segunda-feira, 25 de novembro de 2019

Big Band of Brothers - A Jazz Celebration of the Allman Brothers Band (2019)

                                                           Big Band of Brothers
The best music is timeless and malleable, lending itself to interpretation. Such is the music of The Allman Brothers Band.  As you know, this is the 50th anniversary of the release of their first studio album.  This year has seen multiple Allman Brothers-related projects, many of which were covered on these pages. This may be the most unique of them all, hearing a 15-piece big band replicate and interpret classic Allman Brother material, often with various horns playing those indelibly memorable guitar lines on  Big Band of Brothers:  A Jazz Celebration of the Allman Brothers Band.

It’s somewhat surprising that more projects like these don’t come along. Executive producer John Harvey mentions in the opening liner notes that he was inspired by Bob Curnow’s 1991 L.A. Big Band recording, The Music of Pat Metheny and Lyle Mays, known songs performed in a big band context. He states that he’s always wanted to do a similar project of early original Allman Brothers material but was unable to do so until connecting with producer Mark Lanter, who he knew as a drummer in the University of Alabama Jazz Ensemble from the ‘70s. Lanter plays the drums here throughout the album. Further connections were made, notably co-producer Charles Driebe, who brought Ruthie Foster to the project.

The packaging is wonderful in that the back cover details the soloists for each piece. Six of them are graced with high profile guests as Marc Broussard handles the vocals on “Statesboro Blues,” and in searing style on “Whipping Post.” Foster has never sounded better than she does on “It’s Not My Cross to Bear” and “Don’t Keep Me Wondering.” Those alone are worth a listen to this entire recording. Lauded trombonist and multiple Downbeat winner for that instrument, Wycliffe Gordon, delivers an impeccable soprano trombone solo on “Don’t Want You No More” and wrote the very unusual arrangement for “Statesboro Blues.” Former ABB guitarist Jack Pearson has the riveting slide part in “Stand Back.”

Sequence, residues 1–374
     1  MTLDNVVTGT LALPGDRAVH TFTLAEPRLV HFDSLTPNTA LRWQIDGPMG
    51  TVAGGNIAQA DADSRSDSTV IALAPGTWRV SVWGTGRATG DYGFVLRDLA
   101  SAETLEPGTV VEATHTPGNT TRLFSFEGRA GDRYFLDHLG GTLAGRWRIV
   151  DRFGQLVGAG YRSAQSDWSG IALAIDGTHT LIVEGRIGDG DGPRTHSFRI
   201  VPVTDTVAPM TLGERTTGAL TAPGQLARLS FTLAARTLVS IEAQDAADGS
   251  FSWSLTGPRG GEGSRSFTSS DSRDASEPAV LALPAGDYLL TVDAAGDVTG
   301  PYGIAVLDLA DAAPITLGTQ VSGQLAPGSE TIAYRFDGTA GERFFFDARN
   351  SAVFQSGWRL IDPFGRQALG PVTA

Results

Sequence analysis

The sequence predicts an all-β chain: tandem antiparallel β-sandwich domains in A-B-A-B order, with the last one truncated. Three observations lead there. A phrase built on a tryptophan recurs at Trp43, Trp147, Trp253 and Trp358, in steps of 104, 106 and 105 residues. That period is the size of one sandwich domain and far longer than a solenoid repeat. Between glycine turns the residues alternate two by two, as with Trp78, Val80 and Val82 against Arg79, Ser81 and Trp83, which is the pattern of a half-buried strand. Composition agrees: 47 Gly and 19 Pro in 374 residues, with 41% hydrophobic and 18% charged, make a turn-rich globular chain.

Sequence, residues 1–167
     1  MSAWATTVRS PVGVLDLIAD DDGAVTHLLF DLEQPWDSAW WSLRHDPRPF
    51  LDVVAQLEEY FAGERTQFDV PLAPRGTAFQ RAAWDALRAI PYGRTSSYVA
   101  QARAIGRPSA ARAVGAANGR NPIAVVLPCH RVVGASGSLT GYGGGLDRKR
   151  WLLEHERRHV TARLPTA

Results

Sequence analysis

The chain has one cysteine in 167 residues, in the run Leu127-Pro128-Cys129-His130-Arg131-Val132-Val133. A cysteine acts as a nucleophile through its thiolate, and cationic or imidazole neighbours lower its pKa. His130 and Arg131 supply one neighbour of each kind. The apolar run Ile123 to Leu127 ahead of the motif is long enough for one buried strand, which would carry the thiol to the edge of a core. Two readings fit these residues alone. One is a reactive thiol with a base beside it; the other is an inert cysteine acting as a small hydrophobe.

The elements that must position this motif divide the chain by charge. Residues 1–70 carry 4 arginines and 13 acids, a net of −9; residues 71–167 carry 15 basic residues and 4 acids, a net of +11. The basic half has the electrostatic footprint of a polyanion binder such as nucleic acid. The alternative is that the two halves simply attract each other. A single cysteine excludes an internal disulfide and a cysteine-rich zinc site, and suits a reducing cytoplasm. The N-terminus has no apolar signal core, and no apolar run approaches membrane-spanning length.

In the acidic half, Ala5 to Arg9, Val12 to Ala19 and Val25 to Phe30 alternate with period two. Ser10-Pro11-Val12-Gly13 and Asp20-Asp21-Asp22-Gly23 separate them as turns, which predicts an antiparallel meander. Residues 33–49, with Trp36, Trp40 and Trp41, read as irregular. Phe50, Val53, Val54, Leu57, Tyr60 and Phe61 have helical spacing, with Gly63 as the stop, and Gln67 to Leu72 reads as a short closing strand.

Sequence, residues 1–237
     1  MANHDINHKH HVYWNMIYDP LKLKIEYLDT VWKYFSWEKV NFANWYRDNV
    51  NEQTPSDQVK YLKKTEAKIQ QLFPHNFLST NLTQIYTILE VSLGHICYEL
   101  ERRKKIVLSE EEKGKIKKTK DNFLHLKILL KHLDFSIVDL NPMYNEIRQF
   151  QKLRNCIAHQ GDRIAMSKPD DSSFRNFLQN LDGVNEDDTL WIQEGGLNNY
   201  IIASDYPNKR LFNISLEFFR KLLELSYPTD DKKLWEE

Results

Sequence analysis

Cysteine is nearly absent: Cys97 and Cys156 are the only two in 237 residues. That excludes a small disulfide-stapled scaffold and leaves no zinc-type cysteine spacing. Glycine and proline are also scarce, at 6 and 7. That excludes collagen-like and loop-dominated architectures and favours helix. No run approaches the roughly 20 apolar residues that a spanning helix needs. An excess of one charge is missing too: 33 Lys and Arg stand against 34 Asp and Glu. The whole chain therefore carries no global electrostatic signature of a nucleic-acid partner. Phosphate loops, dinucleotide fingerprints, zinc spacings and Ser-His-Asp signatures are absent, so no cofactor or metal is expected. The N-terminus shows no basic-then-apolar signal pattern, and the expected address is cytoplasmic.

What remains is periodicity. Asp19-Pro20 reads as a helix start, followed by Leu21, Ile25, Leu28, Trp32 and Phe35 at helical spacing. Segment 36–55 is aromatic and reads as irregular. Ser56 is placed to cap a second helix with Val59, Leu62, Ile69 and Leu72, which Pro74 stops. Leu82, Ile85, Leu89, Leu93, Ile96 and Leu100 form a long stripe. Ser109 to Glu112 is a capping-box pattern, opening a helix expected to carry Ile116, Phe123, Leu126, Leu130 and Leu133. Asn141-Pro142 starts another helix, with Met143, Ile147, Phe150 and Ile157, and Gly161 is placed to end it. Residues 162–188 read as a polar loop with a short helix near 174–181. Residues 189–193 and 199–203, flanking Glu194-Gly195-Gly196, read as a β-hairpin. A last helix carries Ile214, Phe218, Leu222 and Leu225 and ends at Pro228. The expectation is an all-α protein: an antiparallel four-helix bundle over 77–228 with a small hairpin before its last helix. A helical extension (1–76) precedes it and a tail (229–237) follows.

As good as all those performances are, however, none should be surprising. The surprises come in the soloists from the big band, 15 chairs and 22 different players. In other words, some are playing on certain selections while others are aboard throughout. The instrumental tracks are equally as compelling as the vocal ones whether it’s “Hot “Lanta” (four soloists), “Dreams” (solo from trombonist Chad Fisher),  “In Memory of Elizabeth Reed (five soloists), and the closing epic 12 minute version of “Les Bres In A Minor” with its improvisational pre-amble and the piece itself that features four soloists. Among the many stunning solos are Kelly O’Neal’s alto on ”Don’t Want You No More” and the Nathan McLeod and Jimmy Bowland dueling sax solos heard in separate channels on “Don’t Keep Me Wondering.” At least nine band members solo at least once.